The government's case focused on evidence suggesting that the fire originated in as many as seven areas of the building. One of those areas, the Center's sauna, contained a large wooden floor grate. This grate's post-fire condition revealed that although it had been badly charred on its topside, the underside of the grate was only slightly charred. Although defense counsel did not view the grate prior to the trial, they knew that it had survived the fire and that they could have examined it upon request.
On August 23, 1991, Ryan filed a "Production/Brady Request" seeking production of, inter alia, tests, reports, evidence regarding burn patterns, and any differing opinions of government experts. Ryan contends that the government's failure to disclose the burn tests, Dehaan's full opinion, the sauna grate, and other fire debris were covered by this request.
We review a district court's denial of a motion for new trial based on newly discovered evidence for abuse of discretion. See United States v. Hiveley, 61 F.3d 1358, 1361 (8th Cir. 1995) (per curiam); United States v. Costanzo, 4 F.3d 658, 667 (8th Cir. 1993). This standard also applies where, as here, a defendant seeks a new trial premised upon a Brady claim. See United States v. Stuart, No. 97-1671, slip op. at 3 (8th Cir. July 31, 1998); United States v. Kern, 12 F.3d 122, 126 (8th Cir. 1993); United States v. Williams, 81 F.3d 1434, 1437 (7th Cir. 1996). This deferential standard of review is especially appropriate in the context of a lengthy, hard-fought, highly charged case like the present one. As the Seventh Circuit observed in Williams:
Having watched the jury as they listened to the testimony, having listened to the testimony and the arguments himself, having his finger as it were on the pulse of the trial — a trial that occupied 28 days scattered over four months — the district judge was in a better position than we to weigh the imponderables involved in a judgment of prejudice.
In Brady, the Supreme Court held that "the suppression by the prosecution of evidence favorable to the accused upon request violates due process where the evidence is material either to guilt or to punishment, irrespective of the good faith or bad faith of the prosecution." 373 U.S. at 87. To establish a Brady violation, Ryan must demonstrate that the government suppressed evidence, that the evidence was exculpatory, and that the evidence was material either to guilt or punishment. See United States v. Duke, 50 F.3d 571, 577 (8th Cir. 1995). Evidence is material under Brady "`if there is a reasonable probability that, had the evidence been disclosed to the defense, the result of the proceeding would have been different.'" Kyles v. Whitley, 514 U.S. 419, 433-34 (1995) (quoting United States v. Bagley, 473 U.S. 667, 682 (1985) (opinion of Blackmun, J.)). "A reasonable probability is a probability sufficient to undermine confidence in the outcome." Clemmons v. Delo, 124 F.3d 944, 9949 (8th Cir. 1997) (citing Bagley, 473 U.S. at 682). However, materiality is not established through the mere possibility that the suppressed evidence might have influenced the jury. See Knox v. Iowa, 131 F.3d 1278, 1283 (8th Cir. 1997).
The district court concluded, and the government appears to concede, that both the burn tests and Dehaan's disagreement with other government experts were both exculpatory and unavailable to Ryan. The question becomes, then, whether the evidence was material under Bagley and Kyles. It is important to remember that a materiality determination is not a sufficiency of evidence test. See Kyles, 514 U.S. at 434. It follows that once a constitutional error is found, we need not continue with a harmless-error review. See id. at 435. These principles, however, do not restrict our consideration of the untainted evidence that was presented to the jury. "Although it is not enough that the untainted evidence be sufficient for conviction, that evidence must not be ignored in the making of the determination whether there is a reasonable likelihood that the outcome would have been different had the government not misbehaved." Williams, 81 F.3d at 1438 (citations omitted). In other words, we must consider what the government's case would have looked like if the defense had had access to the burn tests and had been aware of Dehaan's disagreement with Svenson and Ward.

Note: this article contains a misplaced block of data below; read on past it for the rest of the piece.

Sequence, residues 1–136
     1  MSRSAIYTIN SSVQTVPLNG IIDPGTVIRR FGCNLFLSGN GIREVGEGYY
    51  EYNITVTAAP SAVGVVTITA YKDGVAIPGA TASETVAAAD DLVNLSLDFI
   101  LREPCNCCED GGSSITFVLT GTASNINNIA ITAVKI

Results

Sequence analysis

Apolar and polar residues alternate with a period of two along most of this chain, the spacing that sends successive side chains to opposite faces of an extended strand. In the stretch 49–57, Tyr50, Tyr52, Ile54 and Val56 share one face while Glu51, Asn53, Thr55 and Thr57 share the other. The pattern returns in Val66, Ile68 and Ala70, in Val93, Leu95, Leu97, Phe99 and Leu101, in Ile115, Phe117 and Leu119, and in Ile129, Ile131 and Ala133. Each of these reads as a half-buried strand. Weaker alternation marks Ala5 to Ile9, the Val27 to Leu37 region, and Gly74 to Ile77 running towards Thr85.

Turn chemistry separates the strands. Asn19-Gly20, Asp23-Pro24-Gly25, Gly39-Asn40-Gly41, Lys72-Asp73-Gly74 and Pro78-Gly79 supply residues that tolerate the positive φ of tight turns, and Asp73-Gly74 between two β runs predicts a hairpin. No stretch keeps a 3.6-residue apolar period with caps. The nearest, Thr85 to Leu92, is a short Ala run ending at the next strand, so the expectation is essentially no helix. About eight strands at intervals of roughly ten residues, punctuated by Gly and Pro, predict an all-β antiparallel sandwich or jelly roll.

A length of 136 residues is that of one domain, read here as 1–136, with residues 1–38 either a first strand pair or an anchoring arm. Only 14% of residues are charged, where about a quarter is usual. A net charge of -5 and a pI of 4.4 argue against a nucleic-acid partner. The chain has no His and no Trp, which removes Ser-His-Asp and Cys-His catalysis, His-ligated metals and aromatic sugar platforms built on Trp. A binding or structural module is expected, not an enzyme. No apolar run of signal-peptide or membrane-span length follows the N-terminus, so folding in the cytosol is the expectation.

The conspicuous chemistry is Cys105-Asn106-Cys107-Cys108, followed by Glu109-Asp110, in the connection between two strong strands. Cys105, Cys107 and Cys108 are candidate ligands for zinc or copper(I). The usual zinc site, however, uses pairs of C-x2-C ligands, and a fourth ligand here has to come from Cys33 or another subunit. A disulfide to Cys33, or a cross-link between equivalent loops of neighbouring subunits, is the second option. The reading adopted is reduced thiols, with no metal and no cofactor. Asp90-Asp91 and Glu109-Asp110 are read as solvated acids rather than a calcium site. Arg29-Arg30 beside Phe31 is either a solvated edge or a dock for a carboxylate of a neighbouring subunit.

Ryan contends that the cause of the floor burn patterns was vital to the government's case: "Without multiple pools of liquid accelerant, as posited by the Government at trial, there was no evidence of multiple or separate, simultaneous fires. The only way the government tried to prove these multiple pools of accelerants was the floor burn patterns." Reply Brief for Appellant at 6. Our review of the record reveals a different depiction of the government's case. In order to convict Ryan, the government had to prove beyond a reasonable doubt that he "maliciously [damaged or destroyed] . . . by means of fire or an explosive, any building, vehicle or other real or personal property used in interstate or foreign commerce or in any activity affecting interstate or foreign commerce." 18 U.S.C. § 844(i). We conclude that the presence of the floor burn patterns was merely a small part of the government's effort to meet this burden.
Some of the government's strongest evidence came from several firefighters who testified about their experiences battling the flames. They recounted observing two distinct and separate glowing areas on the roof approximately 50 feet apart, low bluish flames in one room that would rekindle when doused with water, fires that required inordinate amounts of water to extinguish, only to reignite, and an isolated interior fire within the Center's sauna. The firefighters' testimony contained no references to the hardwood floor burn marks. Moreover, government experts testified regarding numerous clues that pointed to arson, including post-fire observations of several hot spots, burn patterns on walls that appeared to burn in a downward direction, carpet burns that were consistent with the use of a flammable liquid, and a post-fire analysis of the Center's structure that suggested a multiple-origin fire. The presence of the hardwood floor burn patterns, then, was only a small part of the government's well-supported theory that the fire was intentionally set.